Marie Jean Pierre, a 60-year-old dishwasher at the Conrad Miami Hotel (later bought by Hilton), was awarded a massive settlement of over $21 million after being fired for refusing to work on Sundays due to her religious beliefs. Pierre had faithfully covered her Sunday shifts by trading shifts with her co-workers for seven years until a new manager took issue with her time off. She filed a lawsuit against Hilton for religious discrimination and the jury ruled in her favor.
The jury awarded Pierre $21 million in damages, along with $35,000 in back wages and $500,000 for emotional pain and mental anguish. It was revealed during the trial that Pierre had been fired despite adequately finding someone to cover her shifts on Sundays in order to honor her religious commandments. Her attorney stated that she had been accommodated for seven years but was ultimately set up for absenteeism and dismissed unjustly.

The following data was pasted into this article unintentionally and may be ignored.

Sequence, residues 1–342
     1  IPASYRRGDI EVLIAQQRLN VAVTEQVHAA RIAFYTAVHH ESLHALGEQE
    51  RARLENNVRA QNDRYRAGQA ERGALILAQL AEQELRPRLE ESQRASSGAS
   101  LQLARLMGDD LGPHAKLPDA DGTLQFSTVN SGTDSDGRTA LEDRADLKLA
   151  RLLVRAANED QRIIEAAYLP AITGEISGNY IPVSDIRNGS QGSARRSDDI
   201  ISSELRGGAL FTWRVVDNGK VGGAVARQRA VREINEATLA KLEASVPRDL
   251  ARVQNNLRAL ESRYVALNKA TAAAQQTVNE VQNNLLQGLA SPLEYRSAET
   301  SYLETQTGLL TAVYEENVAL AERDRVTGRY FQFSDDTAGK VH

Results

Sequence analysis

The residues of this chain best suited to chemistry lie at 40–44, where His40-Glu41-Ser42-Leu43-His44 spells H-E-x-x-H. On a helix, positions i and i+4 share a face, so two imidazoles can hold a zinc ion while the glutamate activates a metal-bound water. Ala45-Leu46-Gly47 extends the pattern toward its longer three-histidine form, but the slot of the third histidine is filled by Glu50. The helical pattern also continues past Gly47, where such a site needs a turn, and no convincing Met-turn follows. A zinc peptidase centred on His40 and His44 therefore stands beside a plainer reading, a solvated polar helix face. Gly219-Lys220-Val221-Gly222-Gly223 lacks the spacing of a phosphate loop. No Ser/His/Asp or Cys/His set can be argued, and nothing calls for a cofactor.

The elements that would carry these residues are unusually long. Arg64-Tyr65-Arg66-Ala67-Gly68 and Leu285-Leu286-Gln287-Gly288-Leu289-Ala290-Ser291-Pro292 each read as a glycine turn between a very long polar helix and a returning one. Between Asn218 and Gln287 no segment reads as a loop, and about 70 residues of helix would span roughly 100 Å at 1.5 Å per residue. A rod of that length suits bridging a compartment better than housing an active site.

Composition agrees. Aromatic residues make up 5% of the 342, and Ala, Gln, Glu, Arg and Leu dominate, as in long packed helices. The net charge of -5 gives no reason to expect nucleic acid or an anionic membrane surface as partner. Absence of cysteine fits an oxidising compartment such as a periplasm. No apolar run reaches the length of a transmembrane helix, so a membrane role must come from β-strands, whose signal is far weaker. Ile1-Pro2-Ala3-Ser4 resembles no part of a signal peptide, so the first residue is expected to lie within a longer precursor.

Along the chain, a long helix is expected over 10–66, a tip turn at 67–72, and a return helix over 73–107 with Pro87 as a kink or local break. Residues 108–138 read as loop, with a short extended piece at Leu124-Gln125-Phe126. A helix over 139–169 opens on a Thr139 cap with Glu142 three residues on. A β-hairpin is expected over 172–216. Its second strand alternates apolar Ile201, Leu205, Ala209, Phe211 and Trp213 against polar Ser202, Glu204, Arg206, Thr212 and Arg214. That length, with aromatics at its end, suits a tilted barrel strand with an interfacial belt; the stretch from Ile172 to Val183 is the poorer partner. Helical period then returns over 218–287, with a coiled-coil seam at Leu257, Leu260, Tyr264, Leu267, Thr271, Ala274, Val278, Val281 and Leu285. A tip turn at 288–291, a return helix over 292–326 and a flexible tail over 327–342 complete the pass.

While the federal court has a punitive damages cap of $300,000, Pierre is expected to receive at least $500,000 from the settlement. However, she expressed her intention to donate the money to orphans in Haiti, as she is a devout Christian missionary and wishes to use her settlement to help those less fortunate.
Hilton denied any discrimination and claimed that they had made accommodations for Pierre's religious commitments. They argued that they had managed their employees within the requirements of federal law regarding reasonable considerations for religious practices. Despite Hilton's stance, the jury found in favor of Pierre.
Pierre's case sheds light on the relationship between corporate management and employee rights, particularly when it comes to religious beliefs. While the amount of the settlement may be debated, Pierre's story emphasizes the importance of protecting individuals' rights in the workplace. Regardless of the final sum received, Pierre intends to fulfill her promise of using the funds to assist those in need, reflecting her dedication to her faith.